ETFs Continue Ascent
Boom, zoom, to the Moon.
Exchange-traded funds (ETFs) continue their meteoric rise and usage among investors and after just two months into the second quarter, ETF flows are on pace to top $100 billion for the third straight quarter. Both equity and fixed income ETFs have attracted over $20 billion in cash and $10.7 billion, respectively in May, according to the most recent U.S. ETF Flash Flows report from State Street Global Advisors.
SSGA noted in the report that equity ETFs have now recorded seven consecutive months with over $20 billion of inflows.
“2017 continues to be a banner year for ETFs,” Head of SPDR Americas Research at SSGA told Traders Magazine in an interview. “First quarter inflows notched a new all-time high, and now two months into Q2, flows are on pace to top $100 billion for the third straight quarter. From a headline perspective, it may look as if equity ETFs are the key cog in this well-oiled machine.”
In looking deeper into the numbers, Bartolini noted that while impressive, the $20 billion of flows amassed over the last month would have been halved, if it were not for the $10 billion plus of ETF inflows that occurred in the last five days of May. And while this $10 billion was deposited into equities over the final days of the month, U.S. focused funds were the beneficiary of 99% of that total.
“This frenetic action underscores the unpredictability of this current market, where sentiment ebbs and flows with each tweet,” he said.
But just as important as equity ETFs, and certainly not to be left out, are bond backed funds. In four of the last five months, bond ETFs have posted double digit monthly fund inflows.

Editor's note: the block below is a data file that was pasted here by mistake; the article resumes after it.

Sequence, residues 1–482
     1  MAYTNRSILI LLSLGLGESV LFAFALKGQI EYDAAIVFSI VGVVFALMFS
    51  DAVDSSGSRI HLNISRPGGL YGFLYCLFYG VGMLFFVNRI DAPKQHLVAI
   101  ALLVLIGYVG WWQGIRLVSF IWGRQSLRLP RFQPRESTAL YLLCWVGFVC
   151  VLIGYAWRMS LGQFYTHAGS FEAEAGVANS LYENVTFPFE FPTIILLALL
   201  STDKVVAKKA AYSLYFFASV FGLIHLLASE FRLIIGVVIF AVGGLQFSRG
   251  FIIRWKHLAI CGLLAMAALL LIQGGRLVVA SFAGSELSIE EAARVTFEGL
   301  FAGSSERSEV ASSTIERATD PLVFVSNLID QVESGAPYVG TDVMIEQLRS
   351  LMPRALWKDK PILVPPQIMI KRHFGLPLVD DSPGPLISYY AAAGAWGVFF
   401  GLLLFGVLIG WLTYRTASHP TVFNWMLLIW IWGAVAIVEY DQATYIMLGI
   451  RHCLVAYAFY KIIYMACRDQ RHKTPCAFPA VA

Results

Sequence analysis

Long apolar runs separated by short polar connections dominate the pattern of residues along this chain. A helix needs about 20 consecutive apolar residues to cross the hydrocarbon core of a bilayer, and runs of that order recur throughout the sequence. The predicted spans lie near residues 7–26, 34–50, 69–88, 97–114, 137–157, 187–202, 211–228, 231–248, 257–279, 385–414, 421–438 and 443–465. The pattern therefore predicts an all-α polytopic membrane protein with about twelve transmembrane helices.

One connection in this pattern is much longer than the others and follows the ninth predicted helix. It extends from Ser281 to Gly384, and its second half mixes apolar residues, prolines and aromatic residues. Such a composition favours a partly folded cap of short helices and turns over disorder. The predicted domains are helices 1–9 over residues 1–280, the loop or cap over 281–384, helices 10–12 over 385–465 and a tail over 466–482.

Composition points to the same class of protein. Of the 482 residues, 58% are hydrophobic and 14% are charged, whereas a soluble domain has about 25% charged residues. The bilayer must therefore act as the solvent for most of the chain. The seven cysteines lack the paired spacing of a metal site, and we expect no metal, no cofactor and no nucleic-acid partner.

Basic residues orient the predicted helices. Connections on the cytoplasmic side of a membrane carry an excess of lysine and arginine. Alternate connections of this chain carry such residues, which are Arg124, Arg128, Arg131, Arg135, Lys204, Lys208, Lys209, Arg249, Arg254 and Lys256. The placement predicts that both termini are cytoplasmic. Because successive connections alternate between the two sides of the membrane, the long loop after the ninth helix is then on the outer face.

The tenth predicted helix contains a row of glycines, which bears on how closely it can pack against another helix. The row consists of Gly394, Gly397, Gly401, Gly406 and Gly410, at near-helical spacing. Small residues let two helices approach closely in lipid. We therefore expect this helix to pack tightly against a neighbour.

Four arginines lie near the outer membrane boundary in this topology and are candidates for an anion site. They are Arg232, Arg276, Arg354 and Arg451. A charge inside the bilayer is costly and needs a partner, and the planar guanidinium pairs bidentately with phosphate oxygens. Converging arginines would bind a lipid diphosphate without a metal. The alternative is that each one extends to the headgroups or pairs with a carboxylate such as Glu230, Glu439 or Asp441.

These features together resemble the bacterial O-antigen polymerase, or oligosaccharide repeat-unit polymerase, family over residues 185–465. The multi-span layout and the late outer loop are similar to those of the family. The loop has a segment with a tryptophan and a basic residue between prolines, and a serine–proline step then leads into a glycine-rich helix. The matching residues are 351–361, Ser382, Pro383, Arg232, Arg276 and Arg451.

“However, while their (equity) flows are impressive, fixed income is once again the little engine that could,” Bartolini said. “The steady fashion in which investors are allocating towards fixed income ETFs indicates that market dynamics, while important, are playing less of role, and investors are gravitating towards the structure as way to obtain bond exposure.”
So where in equities is all the cash going?
“May flows are not just a U.S. story; rather the protagonist comes from across the Pond,” Bartolini explained. “International exposures have been all the rage in 2017, taking in over $60 billion to date, or essentially half of the year’s totals for the equity category, even though those funds only equate to just 26% of overall assets.”
But the real story is where on the international scale those flows are going, he added. Europe has been of interest, with over $9 billion deposited in just the last three months alone. And this extends beyond just ETFs. Citing Morningstar data, Bartolini said emerging market focused ETFs and mutual funds have recorded inflows for 21 consecutive weeks – their best run since 2012 when they eclipsed 25 straight weeks.
“The outlook for emerging markets, where valuations are attractive and ‘greenshoots’ of growth are visible, suggests this streak may continue, as even the latest political scandal in Brazil did not slow this trend,” Bartolini said.
On the sector level, Technology ETFs amassed over $1 billion of inflows in May, raising year-to-date flows to over $5 billion. Financials and Materials experienced net outflows for the second consecutive month, as investors withdrew -$1.2 billion and -$2.3 billion, respectively.
“Beyond technology, there was little else in the way of strong sector based inflows,” he said. “For all of those investors that jumped on the ‘Trump Trade’ right after the election, they are witnessing their comrades start to jump off the train. Sectors such as financials and materials are in net outflows over the last month – their second consecutive month of outflows – as rates and inflation have trended sideways. With positioning turning negative for financials, an opportunity may be developing as earnings are strong and valuations remain attractive for the sector, based on Price-to-Book.”
As far as top ETF issuers, SSGA data report that BlackRock and Vanguard were on top again in May, continuing their dominance seen since January. BlackRock, State Street and Vanguard hold more than 80% of the market for exchange-traded funds, leaving remaining ETFs facing increasingly tough competition.
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